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Single Component Shipped Abroad Not Enough for Infringement


By
Smith & Hopen PA

Life Technologies Corporation, et al., Petitioners v. Promega Corporation

U.S. Supreme Court, February 22, 2017

Section 271(f )(1) of the Patent Act of 1952 prohibits the supply from the United States of “all or a substantial portion” of the components of a patented invention for combination abroad. The technology in question is used to amplify small amounts of DNA for forensic identification and for clinical and research purposes. The kit covered by U.S. Reissue Patent No. RE 37,984 contains five components:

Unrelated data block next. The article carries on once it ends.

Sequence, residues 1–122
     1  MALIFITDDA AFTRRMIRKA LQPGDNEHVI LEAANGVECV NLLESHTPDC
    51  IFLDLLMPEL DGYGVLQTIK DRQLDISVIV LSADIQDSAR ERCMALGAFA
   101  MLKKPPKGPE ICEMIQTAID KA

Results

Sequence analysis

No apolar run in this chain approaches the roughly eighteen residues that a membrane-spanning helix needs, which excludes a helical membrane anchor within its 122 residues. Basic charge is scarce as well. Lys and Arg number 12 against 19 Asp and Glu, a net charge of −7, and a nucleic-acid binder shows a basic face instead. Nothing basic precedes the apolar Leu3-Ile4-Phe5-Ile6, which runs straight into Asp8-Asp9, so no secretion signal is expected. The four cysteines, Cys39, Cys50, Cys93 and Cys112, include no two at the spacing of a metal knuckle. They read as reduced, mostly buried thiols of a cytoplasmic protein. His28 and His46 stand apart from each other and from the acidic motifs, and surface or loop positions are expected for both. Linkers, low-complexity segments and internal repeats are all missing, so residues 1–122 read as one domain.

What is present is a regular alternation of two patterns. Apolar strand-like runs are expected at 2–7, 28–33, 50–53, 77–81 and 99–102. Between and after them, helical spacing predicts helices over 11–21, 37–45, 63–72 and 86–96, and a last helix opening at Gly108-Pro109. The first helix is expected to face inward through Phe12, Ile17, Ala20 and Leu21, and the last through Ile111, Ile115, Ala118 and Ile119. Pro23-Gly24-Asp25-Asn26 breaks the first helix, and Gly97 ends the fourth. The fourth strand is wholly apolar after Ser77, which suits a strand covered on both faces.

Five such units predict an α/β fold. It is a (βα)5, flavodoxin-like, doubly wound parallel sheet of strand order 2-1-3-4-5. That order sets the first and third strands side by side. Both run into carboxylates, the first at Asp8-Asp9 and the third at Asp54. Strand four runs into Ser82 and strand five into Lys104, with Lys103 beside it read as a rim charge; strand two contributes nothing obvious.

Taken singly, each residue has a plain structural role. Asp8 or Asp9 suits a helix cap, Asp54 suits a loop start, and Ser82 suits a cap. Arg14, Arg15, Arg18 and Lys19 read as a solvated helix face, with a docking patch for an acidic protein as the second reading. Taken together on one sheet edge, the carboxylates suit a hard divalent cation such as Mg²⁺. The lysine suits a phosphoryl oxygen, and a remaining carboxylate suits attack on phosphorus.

1) a mixture of primers that mark the part of the DNA strand to be copied;

2) nucleotides for forming replicated strands of DNA;

3) an enzyme known as Taq polymerase;

4) a buffer solution for the amplification; and

5) control DNA

Life Technologies shipped only the Taq polymerase enzyme to the United Kingdom for combination with the other components. Promega sued arguing that the term “substantial portion” of the component could be qualitative (as to relative importance) and was not necessarily quantitative. The Supreme Court disagreed and held that a single component is not enough to trigger Section 271(f)(1).

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